Mid-Year Outlook 2018: Is this The End of “Easy”?

Market Outlook: July 2018


The global economy remains on track, but appears a bit less synchronized. Growth in Europe has failed to match elevated expectations while the U.S. economy looks set to receive a boost from fiscal stimulus. Overall, Citi’s economists expect the global economy to advance by about 3.4% over the next two years. The word recession is not yet in our vocabulary.

We think that the bull market remains intact, but that the easy returns witnessed in 2017 will be difficult to repeat. Citi’s strategists believe that global equities could return an additional 9% by mid-year 2019 with the U.S. returning about 5%-6% when dividends are included (Citi’s mid-year 2019 target for the S&P 500 is 2,865). Citi Private Bank’s Global Investment Committee maintains a preference towards Europe ex United Kingdom, Japan, and Emerging Markets due to lower valuations. Citi maintains a neutral stance on U.S. shares.

Developed market central banks are beginning to shift away from easy monetary policy with the Federal Reserve leading the charge. Even though the Fed has recently signaled two additional rate hikes this year, Citi is still predicting just one more rate hike as subdued inflation creates little urgency for the central bank to accelerate their gradual pace. Citi Private Bank’s fixed income preferences remain slanted towards U.S. high yield, U.S. municipals, and emerging market debt. Short-term U.S. Treasuries also appear to be a better alternative than simply holding cash.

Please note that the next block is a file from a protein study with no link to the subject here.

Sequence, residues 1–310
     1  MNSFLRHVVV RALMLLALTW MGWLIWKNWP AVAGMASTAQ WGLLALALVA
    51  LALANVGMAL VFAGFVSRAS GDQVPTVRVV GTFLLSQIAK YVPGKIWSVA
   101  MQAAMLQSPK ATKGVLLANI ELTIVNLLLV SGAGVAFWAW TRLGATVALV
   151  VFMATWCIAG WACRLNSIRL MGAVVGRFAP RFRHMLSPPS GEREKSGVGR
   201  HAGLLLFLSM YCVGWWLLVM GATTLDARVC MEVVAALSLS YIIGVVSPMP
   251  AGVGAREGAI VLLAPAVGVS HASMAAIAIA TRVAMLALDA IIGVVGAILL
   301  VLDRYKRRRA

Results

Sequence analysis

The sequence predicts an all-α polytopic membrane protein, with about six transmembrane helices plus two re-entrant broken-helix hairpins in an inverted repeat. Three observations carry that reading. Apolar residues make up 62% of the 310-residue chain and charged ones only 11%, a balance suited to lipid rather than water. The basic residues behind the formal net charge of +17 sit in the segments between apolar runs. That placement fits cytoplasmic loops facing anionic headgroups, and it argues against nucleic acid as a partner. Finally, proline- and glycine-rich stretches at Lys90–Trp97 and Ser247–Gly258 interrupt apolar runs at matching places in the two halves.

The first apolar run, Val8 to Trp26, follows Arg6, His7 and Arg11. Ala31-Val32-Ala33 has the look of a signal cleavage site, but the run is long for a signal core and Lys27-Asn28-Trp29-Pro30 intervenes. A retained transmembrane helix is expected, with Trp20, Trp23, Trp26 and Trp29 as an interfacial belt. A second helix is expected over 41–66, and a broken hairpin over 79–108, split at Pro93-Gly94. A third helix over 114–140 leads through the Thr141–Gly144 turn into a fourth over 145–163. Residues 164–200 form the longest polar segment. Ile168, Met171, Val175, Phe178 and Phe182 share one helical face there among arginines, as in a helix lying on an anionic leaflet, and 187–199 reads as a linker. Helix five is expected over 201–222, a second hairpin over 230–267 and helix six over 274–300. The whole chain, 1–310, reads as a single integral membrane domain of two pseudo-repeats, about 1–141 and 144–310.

While maintaining a positive outlook for risk assets in 2018, we would not be surprised to see further volatility. Global earnings growth is likely to serve as a solid underpinning to equity markets this year with U.S. earnings-per-share (EPS) on track to rise about 20% this year. However, mid-term elections in the U.S., rising interest rates, trade tensions, and geopolitics could each serve as catalysts for further volatility. Importantly, intra-year declines often tell us very little about how the year will end and bear markets are uncommon outside of recession.